22. Now that you’re more than halfway through your first year, try the following strategy when planning your units (kudos to you if you want to try this sooner–I was just so much in survival mode that I felt like I couldn’t possibly take on one more thing): instead of planning your units solely around what you want to teach (say, how to summarize), focus your unit around a question that will be of interest to your students. Here’s an example: for my summary unit, I had the students explore the question, “What are the deeper issues behind the new school policy that states that all school lunches must now follow strict nutritional guidelines and fall under certain calorie restrictions?” (trust me–nothing gets my 7th graders so riled up as the issue of school lunch, with the exception possibly of the school dress code policy). After I came up with the question, I found some general background info (articles, Youtube videos, etc.) that explained the tenets of the new policy, and then I had the students practice summarizing with those. A unit plan like this works double-duty because not only are the students learning the skill, but they’re learning it under a meaningful real-world context that gives them more background information to apply to future scenarios. It’s especially easy to use this strategy with literature you’re teaching–for example, I taught the question, “Does money make people happier?” while teaching A Christmas Carol and “What makes a person important?” while teaching the biography/autobiography genre. I can unequivocally state that the units when I tried this strategy were by far my students’ favorite as well as the most productive.
23. When you’re lecturing, make sure you’re not just doing an information dump all at once (because I can assure you that most of your students will hardly retain any of it). Frequently break up your instruction and do something every 4-6 minutes that will get some direct involvement from everyone in your class (ideas include having your students summarize what you’ve just explained for a neighbor, having a discussion based on a question with a small group of 4, having the students write down a response or a practice problem from the board in their notes, etc.). Your students will not only learn the material better (because they’re being forced to actually interact with the information), but you’ll find that you “lose” far fewer students this way.
24. Speaking further of the response strategies mentioned just barely, this is perhaps one of the greatest secrets I’ve learned during my first year of teaching: try to avoid an instructional style that is simply based on questions that only one student can answer at a time. Even if the questions are the most open, thought-provoking questions, you’ll still lose some of your students because they are not personally engaged with the subject matter. Seek out ways to constantly get all of your students to participate in some way. I’m a huge fan of partner-based work and discussion, which (bonus!) also helps your students work on their social and articulation skills. Because I often employed whole-class-engagement tactics, I usually had close to 100% on-task behavior during instruction time.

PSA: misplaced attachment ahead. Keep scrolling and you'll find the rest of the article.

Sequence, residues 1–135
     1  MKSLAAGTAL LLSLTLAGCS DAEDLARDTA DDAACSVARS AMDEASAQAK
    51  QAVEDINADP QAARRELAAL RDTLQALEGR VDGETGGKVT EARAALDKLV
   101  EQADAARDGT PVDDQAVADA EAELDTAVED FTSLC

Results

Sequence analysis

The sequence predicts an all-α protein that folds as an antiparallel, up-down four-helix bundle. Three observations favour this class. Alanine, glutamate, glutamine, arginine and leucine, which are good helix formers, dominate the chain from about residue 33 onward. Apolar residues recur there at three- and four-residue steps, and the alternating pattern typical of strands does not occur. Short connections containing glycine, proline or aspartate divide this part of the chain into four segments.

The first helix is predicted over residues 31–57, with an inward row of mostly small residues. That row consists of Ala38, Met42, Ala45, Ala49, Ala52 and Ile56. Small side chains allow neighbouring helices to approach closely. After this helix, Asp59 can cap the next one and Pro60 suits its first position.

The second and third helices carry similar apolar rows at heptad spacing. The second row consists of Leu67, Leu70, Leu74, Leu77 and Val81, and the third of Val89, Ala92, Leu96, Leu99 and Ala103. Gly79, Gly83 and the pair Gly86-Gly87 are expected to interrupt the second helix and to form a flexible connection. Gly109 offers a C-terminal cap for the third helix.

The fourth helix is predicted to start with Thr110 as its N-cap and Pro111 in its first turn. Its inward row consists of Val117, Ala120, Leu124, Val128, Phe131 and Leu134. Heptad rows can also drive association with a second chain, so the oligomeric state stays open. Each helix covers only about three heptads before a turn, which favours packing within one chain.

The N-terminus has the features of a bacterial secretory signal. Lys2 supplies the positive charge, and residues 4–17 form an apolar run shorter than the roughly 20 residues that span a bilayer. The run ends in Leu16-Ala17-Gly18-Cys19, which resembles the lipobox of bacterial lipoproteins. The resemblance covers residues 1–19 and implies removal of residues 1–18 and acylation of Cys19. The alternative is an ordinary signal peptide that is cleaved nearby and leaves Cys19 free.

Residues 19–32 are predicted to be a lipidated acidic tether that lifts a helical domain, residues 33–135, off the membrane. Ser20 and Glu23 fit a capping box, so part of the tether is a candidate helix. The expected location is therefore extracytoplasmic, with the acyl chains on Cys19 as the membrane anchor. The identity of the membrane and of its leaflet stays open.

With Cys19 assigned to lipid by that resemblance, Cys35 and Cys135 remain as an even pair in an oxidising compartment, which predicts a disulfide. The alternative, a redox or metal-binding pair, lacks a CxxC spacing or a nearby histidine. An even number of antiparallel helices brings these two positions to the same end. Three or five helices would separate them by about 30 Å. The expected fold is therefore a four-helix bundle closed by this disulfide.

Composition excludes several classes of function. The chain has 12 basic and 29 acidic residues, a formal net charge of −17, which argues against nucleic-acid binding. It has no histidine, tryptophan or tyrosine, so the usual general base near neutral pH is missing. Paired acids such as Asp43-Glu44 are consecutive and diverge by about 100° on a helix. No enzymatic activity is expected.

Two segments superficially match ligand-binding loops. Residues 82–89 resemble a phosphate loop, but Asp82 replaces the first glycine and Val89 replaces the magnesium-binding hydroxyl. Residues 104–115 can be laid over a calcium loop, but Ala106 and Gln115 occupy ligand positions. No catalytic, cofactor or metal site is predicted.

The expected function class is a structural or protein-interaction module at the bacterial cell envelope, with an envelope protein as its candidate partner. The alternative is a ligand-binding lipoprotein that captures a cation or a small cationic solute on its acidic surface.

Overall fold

25. Although I should have covered this one near the first part of these tips, establish your classroom management plan well before you start running into problems. In other words, try to plan what you would do in hypothetical situations so that if it ever arises, you’ll have a plan in place. Some issues that were not handled well by me because I hadn’t pre-planned for them: a girl in my creative writing class bad-mouthing a fellow student not in the class by name while she was reading aloud her response to the daily prompt, a boy defiantly talking back to me and moving glacially slow when I told him to leave the room, a student who was consistently off-task and disruptive during an after-school club in which I had not explicitly set ground rules, etc. etc. I now know what I need to do in those situations so that the problem doesn’t escalate, but I was always relieved when I knew what to do when bad situations arose because I had already thought about it beforehand. Remember this, though: your greatest tool to aid in classroom management is to have your students constantly engaged in meaningful learning activities. If your students always have something worthwhile to engage their attention, that will take care of 99% of the problems.
26. No matter what you decide to do as far as discipline and classroom management goes, make sure you treat each student with dignity and respect (even when–especially when–you’re upset with them). I have heard countless stories from educators of “funny” things they’ve said or done when a student has misbehaved, but most things that appear “funny” to the teacher come off as cruel, demeaning, or vindictive to the student. For this reason, I tried my absolute best to avoid sarcasm whenever possible when dealing with students, and I tried to handle most discipline problems in as private a manner as possible, by quietly going to the student’s desk and asking to see them after class or walking by and whispering a reminder to them to stay on-task. There will be times when you will want to deal with a misbehaving student in an immediate-gratification kind of way (by yelling at them, embarrassing them, etc.), but DON’T DO IT. You will have students that absolutely push all of your buttons and drive you up the wall on nearly a daily basis, but the second you give in to your urge to really “show that student who’s boss,” you’ll not only lose that student’s respect, but usually your whole class’s respect. Students watch how you treat other students, and they will often base their perception of you as a teacher on that kind of information (NOT on what you’re explicitly teaching them during instruction time). Although I wasn’t perfect, I could end this school year with a pretty clear conscience that I had done my best to preserve the self-dignity and self-worth of every single student by treating them civilly, even when they were being uncivil.
What tips would you add? Anything you agree or disagree with?
For Part One of How to Survive Your First Year of Teaching, click here.
For Part Three of How to Survive Your First Year of Teaching, click here.